Houston water heater repair usually justifies the effort from a cost-value point-of-view. Installing a new water heater — unless your existing heater is extremely inefficient and leaky — takes time to recover the costs through water and energy savings. You should find out what is needed to fix the old heater before deciding to invest in a new unit. Your next big question is likely to be whether to install a tankless water heater instead of a traditional, reservoir-style (tank) heater.
How Tankless Water Heaters Work
Tankless water heaters are usually installed close to where hot water is needed, and they heat and furnish hot water on-demand, which reduces the costs associated with holding a tank of water at a preset temperature. You eliminate standby heat loss because tankless systems use coils in a powerful heat exchanger that heats water by transferring heat energy — which is the way that air conditioners, refrigerators, and car radiators work. You can choose electric, gas, or propane heating systems that are activated by the flow of water so that your hot water tap delivers hot water almost instantly.
Can You Recover Your Costs when Going Tankless?
Tankless water heaters unquestionably save energy, but the question remains whether these cost savings justify the high costs of the equipment. The following formula will help you compare tankless with tank-style water heaters:
Determine How Much Water Your Family Uses
Calculate how many gallons of hot water your family uses in a typical year.
Calculate the Costs of Installations
Find out how much it would cost to install a tankless and tank-style heater. If you own a large home, you might need a different tankless system than if you just need hot water near the bathroom.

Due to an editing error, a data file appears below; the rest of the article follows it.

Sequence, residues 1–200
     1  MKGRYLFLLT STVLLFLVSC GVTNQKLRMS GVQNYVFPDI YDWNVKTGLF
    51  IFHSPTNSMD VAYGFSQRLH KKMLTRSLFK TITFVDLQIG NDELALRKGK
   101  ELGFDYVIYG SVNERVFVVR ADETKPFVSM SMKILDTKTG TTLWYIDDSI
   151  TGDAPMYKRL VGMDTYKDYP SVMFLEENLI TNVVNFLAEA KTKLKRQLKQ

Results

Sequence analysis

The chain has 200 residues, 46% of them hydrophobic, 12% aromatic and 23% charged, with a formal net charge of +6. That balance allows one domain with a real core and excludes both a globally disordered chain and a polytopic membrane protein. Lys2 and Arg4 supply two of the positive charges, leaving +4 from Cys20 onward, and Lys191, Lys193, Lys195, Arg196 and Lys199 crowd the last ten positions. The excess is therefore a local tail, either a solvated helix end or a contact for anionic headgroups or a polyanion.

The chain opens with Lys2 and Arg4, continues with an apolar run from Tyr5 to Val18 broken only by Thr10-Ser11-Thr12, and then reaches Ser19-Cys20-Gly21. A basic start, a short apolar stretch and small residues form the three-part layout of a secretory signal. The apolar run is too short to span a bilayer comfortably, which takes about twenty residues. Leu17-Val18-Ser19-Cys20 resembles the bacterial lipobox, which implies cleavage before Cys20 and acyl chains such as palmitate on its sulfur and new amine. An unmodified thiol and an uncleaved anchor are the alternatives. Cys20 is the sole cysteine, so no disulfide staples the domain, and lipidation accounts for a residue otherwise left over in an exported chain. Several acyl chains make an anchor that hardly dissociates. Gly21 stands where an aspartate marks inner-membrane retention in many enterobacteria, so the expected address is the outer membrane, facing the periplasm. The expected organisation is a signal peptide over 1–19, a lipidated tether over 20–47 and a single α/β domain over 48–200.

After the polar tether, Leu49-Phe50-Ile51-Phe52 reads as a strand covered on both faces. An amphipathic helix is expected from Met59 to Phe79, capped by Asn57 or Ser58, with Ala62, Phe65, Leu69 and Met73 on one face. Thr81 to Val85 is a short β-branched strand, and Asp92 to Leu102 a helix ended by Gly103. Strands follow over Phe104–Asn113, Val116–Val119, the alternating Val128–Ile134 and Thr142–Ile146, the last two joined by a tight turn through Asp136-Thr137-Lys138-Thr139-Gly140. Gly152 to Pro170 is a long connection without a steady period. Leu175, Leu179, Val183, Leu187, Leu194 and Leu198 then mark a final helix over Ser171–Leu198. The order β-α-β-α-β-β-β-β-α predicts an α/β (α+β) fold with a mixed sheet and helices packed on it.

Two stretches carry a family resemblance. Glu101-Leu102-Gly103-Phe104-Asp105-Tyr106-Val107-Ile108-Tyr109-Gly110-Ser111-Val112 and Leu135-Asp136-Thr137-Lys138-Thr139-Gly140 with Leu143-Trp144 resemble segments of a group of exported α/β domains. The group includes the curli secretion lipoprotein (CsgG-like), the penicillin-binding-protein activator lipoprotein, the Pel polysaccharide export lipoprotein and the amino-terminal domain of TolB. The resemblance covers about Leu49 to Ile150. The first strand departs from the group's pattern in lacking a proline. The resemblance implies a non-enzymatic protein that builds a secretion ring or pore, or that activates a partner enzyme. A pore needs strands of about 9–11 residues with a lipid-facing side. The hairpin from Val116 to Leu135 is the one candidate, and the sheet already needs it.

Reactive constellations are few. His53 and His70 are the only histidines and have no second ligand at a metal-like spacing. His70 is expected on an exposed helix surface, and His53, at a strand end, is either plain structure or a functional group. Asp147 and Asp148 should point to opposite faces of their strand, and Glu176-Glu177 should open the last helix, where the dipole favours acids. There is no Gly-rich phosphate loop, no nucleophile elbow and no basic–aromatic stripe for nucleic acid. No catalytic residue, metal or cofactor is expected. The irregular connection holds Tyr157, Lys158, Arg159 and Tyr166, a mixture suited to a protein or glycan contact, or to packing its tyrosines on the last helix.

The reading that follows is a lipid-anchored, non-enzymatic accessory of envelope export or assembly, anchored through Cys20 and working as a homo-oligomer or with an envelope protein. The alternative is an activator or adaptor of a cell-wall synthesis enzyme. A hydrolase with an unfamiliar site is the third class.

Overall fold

You can compare usage histories for tank-style heaters, water costs, and gas and electricity expenses. Determine the in-use efficiency rating of the tankless and tank-style system and the costs of energy and water to calculate the real-world savings of the tankless system, based on how much hot water you use.
Consider Extenuating Circumstances
After determining how long it would take to recover your costs, you can consider the extenuating circumstances that apply. Are you likely to move before you recover your costs? Will the tankless heater last long enough to recover its cost? Will you need a complex tankless system where water will have to travel a long distance? Are you trading energy savings for increased water usage?
Minnesota researchers Dave Bohac, Ben Schoenbauer, and Martha Hewett of the Center for Energy and Environment in Minneapolis conducted a study to determine whether the typical family could save enough money using a tankless heater to justify the relatively high costs and came up with a resounding “no.” The researchers concluded that most tankless heaters would expire of old age before saving enough money to cover their costs.
If you own a big house, have lots of family members, and use water for many toilets, baths, showers, sinks, and appliances, you will probably need a complex tankless system or multiple heaters placed near each point of use. The more complex your system, the more likely you will have problems, unexpected maintenance expenses, and breakdowns that require hiring a Houston plumber. Recovering your costs in such a scenario would be highly difficult because your tank of heated water is regularly used by everyone in the household, which reduces the cost per use by lowering standby water waste.
However, if you live alone, travel frequently, and use hot water within a small area of your home and apartment, you might save a lot of money by not heating a full tank of water 24/7. However, it still might take some time to recover your investment from energy and water savings if you do not use much of either resource in your home to heat and maintain water to a specified temperature.
Tankless water heaters can provide precise temperature control, unlimited hot water for a single person’s needs, and energy savings but at high startup costs. You could also end up wasting more water, which needs to be calculated when considering your energy savings. You should consult a Houston residential plumber to get the facts and cost estimates before you decide whether to repair an existing unit, install a tankless system or stick with a traditional, tank-style water heater.